New to the CAZy classification? Read this first.
Want to learn more about CAZypedia? Read the CAZypedia 10th anniversary article in Glycobiology.

Polysaccharide Lyase Family 8

From CAZypedia
Jump to: navigation, search
Under construction icon-blue-48px.png
This page is currently under construction. This means that the Responsible Curator has deemed that the page's content is not quite up to CAZypedia's standards for full public consumption. All information should be considered to be under revision and may be subject to major changes.

Polysaccharide Lyase Family PL8
3D Structure (α/α)6 barrel + anti-parallel β-sheet
Mechanism β-elimination
Charge neutraliser His399 (S. pneumoniae)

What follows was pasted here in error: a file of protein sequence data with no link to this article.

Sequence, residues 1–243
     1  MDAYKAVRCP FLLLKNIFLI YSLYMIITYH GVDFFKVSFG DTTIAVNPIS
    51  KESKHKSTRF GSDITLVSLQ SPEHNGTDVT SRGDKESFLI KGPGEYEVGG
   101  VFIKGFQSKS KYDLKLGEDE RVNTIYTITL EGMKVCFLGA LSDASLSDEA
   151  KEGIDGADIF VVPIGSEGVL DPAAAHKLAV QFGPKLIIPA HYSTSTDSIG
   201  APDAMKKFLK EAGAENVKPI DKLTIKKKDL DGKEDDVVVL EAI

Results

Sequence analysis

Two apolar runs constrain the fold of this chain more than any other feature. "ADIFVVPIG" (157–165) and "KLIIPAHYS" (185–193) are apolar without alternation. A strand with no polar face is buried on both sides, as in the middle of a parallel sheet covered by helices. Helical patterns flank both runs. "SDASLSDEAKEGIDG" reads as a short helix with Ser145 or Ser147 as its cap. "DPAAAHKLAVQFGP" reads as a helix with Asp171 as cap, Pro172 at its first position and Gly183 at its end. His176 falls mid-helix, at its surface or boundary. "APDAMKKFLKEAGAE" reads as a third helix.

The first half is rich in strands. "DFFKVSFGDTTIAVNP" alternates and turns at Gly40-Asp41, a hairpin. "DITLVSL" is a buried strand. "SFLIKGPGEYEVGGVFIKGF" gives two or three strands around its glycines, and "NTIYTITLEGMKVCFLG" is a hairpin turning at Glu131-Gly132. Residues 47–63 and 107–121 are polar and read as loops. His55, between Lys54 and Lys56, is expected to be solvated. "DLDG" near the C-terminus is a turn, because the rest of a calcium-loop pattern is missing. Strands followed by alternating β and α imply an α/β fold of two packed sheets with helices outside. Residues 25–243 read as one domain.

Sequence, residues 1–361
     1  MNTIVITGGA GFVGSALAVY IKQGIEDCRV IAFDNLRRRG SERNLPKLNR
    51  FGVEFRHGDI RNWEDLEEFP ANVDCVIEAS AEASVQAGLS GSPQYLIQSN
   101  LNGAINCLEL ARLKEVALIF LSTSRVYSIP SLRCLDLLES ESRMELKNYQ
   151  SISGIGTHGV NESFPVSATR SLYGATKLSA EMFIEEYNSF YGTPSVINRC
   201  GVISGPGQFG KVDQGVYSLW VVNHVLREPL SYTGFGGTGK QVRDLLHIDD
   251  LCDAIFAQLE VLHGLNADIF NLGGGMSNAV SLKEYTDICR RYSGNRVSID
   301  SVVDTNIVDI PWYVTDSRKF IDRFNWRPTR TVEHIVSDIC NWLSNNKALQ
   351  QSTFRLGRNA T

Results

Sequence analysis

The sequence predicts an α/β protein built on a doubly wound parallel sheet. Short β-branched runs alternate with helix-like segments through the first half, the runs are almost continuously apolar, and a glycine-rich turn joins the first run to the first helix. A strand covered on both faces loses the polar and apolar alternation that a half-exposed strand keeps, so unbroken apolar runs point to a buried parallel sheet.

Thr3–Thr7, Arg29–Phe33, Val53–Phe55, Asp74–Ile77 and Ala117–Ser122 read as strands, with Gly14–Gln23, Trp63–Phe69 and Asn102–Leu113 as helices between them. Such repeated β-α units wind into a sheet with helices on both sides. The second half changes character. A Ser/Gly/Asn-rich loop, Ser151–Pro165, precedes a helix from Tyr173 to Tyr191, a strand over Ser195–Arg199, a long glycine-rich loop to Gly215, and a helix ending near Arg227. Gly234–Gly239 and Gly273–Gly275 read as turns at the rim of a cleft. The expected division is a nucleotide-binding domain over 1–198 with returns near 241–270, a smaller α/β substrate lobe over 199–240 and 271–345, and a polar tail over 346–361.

Active site residues Known
CAZy DB link
http://www.cazy.org/PL8.html


Activities and Substrate Specificities

PL8s are active on a variety of uronic acid-containing polysaccharides including: hyaluronan (EC 4.2.2.1) [4)-β-D-Glucuronate-1,3-β-D-N-Acetyl-Glucosamine(1]n, chondroitin AC (EC 4.2.2.5) [4)-β-D-Glucuronate-1,3-β-D-N-Acetyl-GalactosamineΔ4,6S(1]n, xanthan (EC 4.2.2.12) [4)-β-D-Glucuronate-1,4-β-D-Glucuronate (1]n, and chondroitin ABC (EC 4.2.2.20) [chondroitin AC and chondroitin B (aka. dermatan sulfate: 4)-β-L-Iduronate2S-1,3-β-D-N-Acetyl-Galactosamine4S(1]n.

Kinetics and Mechanism